For worship leaders today, we’re posed with an interesting dilemma. We’ve got access to literally thousands upon thousands of songs to choose from when we’re putting together worship services. Whether it’s songs from throughout the church’s history or new expressions of the faith – all in a variety of styles – how do we sort out the songs that are beneficial to our church and those that don’t measure up?
I’m a sucker for old worship books – not just hymnals but books about the topic of worship. A few weeks ago, I came across an old copy of The Handbook to the Lutheran Hymnal, written in 1942. It was on ebay for a song, so I picked up a copy. I grew up worshipping with The Lutheran Hymnal, and it’s still a favorite of mine that I use in my personal devotion and worship time along side of more modern music too.
The Handbook is a gem, as it offers history and background on all of the hymns in the hymnal. But what caught my attention was the brief preface and introduction. In the preface, the author shared their criteria for selecting songs. It could have been written for today:
The following general guiding principles were accepted:
a. They must be of intrinsic value as to content;
b. They must be distinctively Christian.
a. They must be of good form;
b. They must be in idomatic English.
a. They must be suited to the text;
b. They must be good church music. (p. VII)
As I read that definition, I began thinking about the songs that we use for worship and running them through that definition. We could debate about several things on the list – what makes for “good form” or “good church music,” but a couple of aspects are harder to debate.
Are the songs we use in worship “distinctively Christian”? There are many worship songs – from all eras – that fail in this area. It’s not that they’re ungodly or teach some false doctrine, though examples of those do exist. The problem is that they’re much too generic in their content.
Songs that speak simply of “God” or use even more generic “You/He” language, even while communicating Biblical truths or themes, might not be distinctively Christian. For a song to be distinctively Christian, it should only be able to be sung and believed by Christians. If those from other religions could sing those songs without any hesitation, then it’s not distinctively Christian.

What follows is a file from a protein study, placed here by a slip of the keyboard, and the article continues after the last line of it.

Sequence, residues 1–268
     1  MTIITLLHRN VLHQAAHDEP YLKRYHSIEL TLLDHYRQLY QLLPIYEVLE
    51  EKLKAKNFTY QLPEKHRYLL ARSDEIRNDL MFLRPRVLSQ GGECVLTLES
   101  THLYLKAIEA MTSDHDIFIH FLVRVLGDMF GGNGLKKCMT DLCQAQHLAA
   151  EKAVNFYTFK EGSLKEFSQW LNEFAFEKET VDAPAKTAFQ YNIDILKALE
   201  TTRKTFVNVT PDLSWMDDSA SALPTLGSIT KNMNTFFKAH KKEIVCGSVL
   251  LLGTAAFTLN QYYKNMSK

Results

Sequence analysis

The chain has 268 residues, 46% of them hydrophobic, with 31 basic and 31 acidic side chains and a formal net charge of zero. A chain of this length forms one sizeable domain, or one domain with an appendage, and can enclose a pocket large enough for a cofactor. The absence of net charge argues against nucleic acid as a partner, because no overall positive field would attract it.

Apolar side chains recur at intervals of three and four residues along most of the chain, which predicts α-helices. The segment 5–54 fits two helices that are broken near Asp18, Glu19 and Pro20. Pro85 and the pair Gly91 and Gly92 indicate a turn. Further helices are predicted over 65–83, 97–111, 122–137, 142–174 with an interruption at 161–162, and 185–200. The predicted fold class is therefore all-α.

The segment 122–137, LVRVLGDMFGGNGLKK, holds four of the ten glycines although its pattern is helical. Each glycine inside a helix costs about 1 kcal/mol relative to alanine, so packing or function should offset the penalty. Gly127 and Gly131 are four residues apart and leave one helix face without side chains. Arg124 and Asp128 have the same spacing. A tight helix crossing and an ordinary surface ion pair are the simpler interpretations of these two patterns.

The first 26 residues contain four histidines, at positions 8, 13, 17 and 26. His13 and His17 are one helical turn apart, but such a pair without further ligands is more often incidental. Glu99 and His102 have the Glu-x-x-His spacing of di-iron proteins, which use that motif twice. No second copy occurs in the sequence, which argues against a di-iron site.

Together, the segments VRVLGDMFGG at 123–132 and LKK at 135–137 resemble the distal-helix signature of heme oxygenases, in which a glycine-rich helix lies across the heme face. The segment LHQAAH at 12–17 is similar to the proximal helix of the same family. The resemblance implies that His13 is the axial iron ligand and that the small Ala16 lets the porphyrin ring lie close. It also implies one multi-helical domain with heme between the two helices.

As an example, it’s not uncommon for the song “God Bless America” to be sung in worship around Independence Day. I mean, it mentions God, for crying out loud! But do you know anything about who wrote the song? Irving Berlin – a Jewish man. Christianity and Judaism are not the same thing, especially because the Jews reject Jesus as the Savior of the world. However, lyrically, there’s nothing in “God Bless America” that couldn’t be sung by a Christian, Jew, or Muslim together. As such, it’s not a distinctively Christian song.
Songs that are distinctively Christian speak of Jesus. They speak of the cross. They tell us of the gift of salvation that we have through faith in Jesus. They speak of the hope we have in Christ. And they speak of distinctively Christian themes – baptism, justification by grace, sanctification, and the Christian life. There are lots of worship songs used today and in the past that don’t fit as distinctively Christian.
Intrinsically Valuable as to Content
As I thought about their list of criteria, the other part that stood out and made me think about the songs I use was the intrinsic value of the content. In other words, is the lyrical content just fluff or is there some real substance to it?
10-20 years ago, there was a lot of music being written for the church that was really lyrically weak. Many of the “praise choruses” from years past fall into that category. Again, it’s not that they were heretical or even inappropriate. But that their content didn’t provide much in the way of value.
It’s not just new songs that are prone to this. An example given by the author of the Handbook is “Beautiful Isle of Somewhere,” which in the era when the book was written was a popular funeral hymn. While there’s nothing inappropriate in the song, it doesn’t provide much in the way of real value – or even hope, seeing as it’s a funeral song. It’s a pretty song. It’s got poetic lyrics. But as a worship song, it doesn’t provide much valuable content.
Worship Songs Today
Looking through my own library of music, there are probably a few that approach the boundaries of those two requirements, especially the value of their lyrics. It’s good to every once in a while go through your church’s song library and evaluate your music – especially if you’re not exclusively using a hymnal.
Along with those two major points, the author of the Handbook offers a more thorough definition in the Introduction, p. IX:
“…must be a popular poetical expression of that which the believers have in common. It must be true, Biblical, Christian, edifying, simple yet dignified in language, excellent in content and form, devotional in tone, churchly and congregational in viewpoint and sentiment.
It must contain nothing that is untrue, questionable, unclear, uncouth, offensive. It must not be unrhythmical, humerous, sentimental, too imaginary, and too allegorical.”
What do you think? Do you agree with their criteria? How does your song library fit with those criterion? I’d love to hear your thoughts in the comments.